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How To Avoid Stomach Issues While Running

Greenletes / Sports Nutrition / How To Avoid Stomach Issues While Running

These 7 nutritionist approved tips will stop that nasty pain in your stomach while running. Never have stomach issues again when running!

Running is one of the most amazing sports, but it can also be one of the toughest on your body. The creaky knees sore muscles and stomach issues are enough to scare some people away.

And while I can’t help you with the first two, I can tell you that stomach issues are not something you just need to suffer through while running. As a matter of fact, gastrointestinal (GI) discomfort is completely avoidable with the right nutrition.

What is runner’s stomach? 

We’ve all been there – mid-race and suddenly we have the urge to use the bathroom. This is not as uncommon as you may think. In fact, many athletes are all too familiar with the struggle of nausea, vomiting and diarrhea during a race. This is what is referred to as “runner’s stomach”. Runner’s stomach is as a result of not only the up and down jolting movement that comes with running, but also hormones and dietary factors. When we run, we produce the stress hormone, cortisol, which can cause the undesirable feeling of needing to use the bathroom. All these factors together can make your stomach churn!

What happens in the GI tract?

Blood is an amazing thing because it recognizes where your body has work to do, and it immediately travels to that region. During a run, your blood goes to the part of the body that is doing the most work–the muscles.

Because of this, the blood is diverted away from the stomach, and any food that is in the stomach just sits there. During the constant up and down running motion, any food left in the stomach will be jostled around and cause distress.

Even without food, the physical shaking of the stomach during running is enough to cause distress. Think about if I took your stomach out of your body and shook it up and down constantly for an hour. That’s pretty much what running does to your digestive system. A seasoned runner will eventually adjust to this feeling, but it will definitely cause problems for a new runner.

runners in a race

Lastly, even if you haven’t eaten in a while, your intestines is likely digesting some food. Running causes that food to move quickly through your intestines, which can make you feel like you need to use the bathroom. Unfortunately, this is just a natural occurrence that is less than ideal for runners. That being said, there are things you can do to help combat these issues, such as:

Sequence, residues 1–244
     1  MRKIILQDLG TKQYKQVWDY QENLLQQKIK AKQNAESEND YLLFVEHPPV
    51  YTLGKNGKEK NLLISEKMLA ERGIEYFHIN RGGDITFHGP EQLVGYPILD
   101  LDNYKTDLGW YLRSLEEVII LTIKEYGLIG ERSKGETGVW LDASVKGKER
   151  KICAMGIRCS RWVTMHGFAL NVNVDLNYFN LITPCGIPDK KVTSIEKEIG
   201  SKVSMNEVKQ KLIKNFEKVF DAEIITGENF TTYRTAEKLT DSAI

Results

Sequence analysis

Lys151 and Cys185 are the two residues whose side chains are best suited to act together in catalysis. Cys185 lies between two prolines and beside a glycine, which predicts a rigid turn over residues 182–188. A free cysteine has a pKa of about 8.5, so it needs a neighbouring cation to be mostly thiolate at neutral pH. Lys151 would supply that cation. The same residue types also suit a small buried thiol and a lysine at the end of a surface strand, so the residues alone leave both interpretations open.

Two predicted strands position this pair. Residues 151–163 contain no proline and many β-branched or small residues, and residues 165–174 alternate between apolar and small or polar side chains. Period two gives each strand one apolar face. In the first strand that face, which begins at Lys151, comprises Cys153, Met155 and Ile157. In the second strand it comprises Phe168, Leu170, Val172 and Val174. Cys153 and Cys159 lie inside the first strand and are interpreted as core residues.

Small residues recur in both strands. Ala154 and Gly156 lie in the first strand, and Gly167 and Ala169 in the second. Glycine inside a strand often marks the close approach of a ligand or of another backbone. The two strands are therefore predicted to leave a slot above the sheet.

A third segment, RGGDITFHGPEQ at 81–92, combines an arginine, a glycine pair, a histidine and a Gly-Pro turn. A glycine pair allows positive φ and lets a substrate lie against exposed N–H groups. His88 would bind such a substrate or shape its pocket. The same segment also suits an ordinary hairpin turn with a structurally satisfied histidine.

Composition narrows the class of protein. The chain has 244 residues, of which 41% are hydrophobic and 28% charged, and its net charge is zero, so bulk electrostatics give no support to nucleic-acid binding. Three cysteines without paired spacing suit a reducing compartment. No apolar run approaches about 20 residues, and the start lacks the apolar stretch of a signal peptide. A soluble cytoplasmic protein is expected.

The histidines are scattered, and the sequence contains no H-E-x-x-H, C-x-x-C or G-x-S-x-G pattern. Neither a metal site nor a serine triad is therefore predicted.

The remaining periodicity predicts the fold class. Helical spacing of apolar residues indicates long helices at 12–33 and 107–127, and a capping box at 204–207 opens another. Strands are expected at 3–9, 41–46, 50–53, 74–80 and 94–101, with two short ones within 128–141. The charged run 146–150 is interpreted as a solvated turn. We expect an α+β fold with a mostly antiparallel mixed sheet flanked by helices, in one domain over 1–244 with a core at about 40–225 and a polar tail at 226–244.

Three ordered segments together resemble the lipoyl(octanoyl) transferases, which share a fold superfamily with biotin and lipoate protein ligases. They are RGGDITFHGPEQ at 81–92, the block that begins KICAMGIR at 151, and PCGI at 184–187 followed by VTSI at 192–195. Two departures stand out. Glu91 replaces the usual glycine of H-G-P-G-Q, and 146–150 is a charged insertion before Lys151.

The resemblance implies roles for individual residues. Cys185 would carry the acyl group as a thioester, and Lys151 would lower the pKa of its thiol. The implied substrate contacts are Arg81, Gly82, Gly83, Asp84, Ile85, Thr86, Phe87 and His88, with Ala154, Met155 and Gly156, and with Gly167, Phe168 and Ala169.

1. Avoid high fiber foods

A friend of mine recently told me she was so confused because she was eating cereal (necessary carbs) before running, but she was still experiencing constant stomach problems. It turned out that she was eating high fiber cereal.

The combination of high fiber foods plus running equals a guaranteed upset stomach. It’s best to avoid foods like cruciferous veggies, beans, bran, and high fiber fruit before a run. And if you’re race, lay off the high fiber foods the day before as well.

2. Stay properly hydrated

Dehydration can make it difficult for your intestines to absorb food. As a result, any food in your intestines will quickly travel to your bowels and create a sense of urgency for the bathroom. This is just another reason why staying properly hydrated is so incredibly important during running. [Find out how to tell if you’re properly hydrated here].

3. Give your body time to acclimate

Just like your legs and lungs have to build endurance, your stomach and intestines have to acclimate to running. Going from couch to 5K will definitely lead to an upset stomach. Train your stomach to handle the up and down motion of running by gradually increasing intensity, distance and speed.

And if you’re new to running, don’t try to drink a sports drink right away. The sugar in a sports drink helps with fluid uptake and to replace lost carbohydrates, but it can cause some GI issues. If you’re increasing your mileage and want to try a sports drink, dilute it with water at first and gradually move to more concentrated versions.

4. Don’t try anything new on race day

Many times, runners only use gus and gels on race day. That’s a surefire way to upset your stomach. If you run for more than an hour, you should supplement your run with a sports drink, gel or gu. Try these supplements during your training runs to give your body time to adjust. These products are meant to provide fuel quickly, so they quickly digested and may cause severe indigestion.

5. Don’t eat a large meal before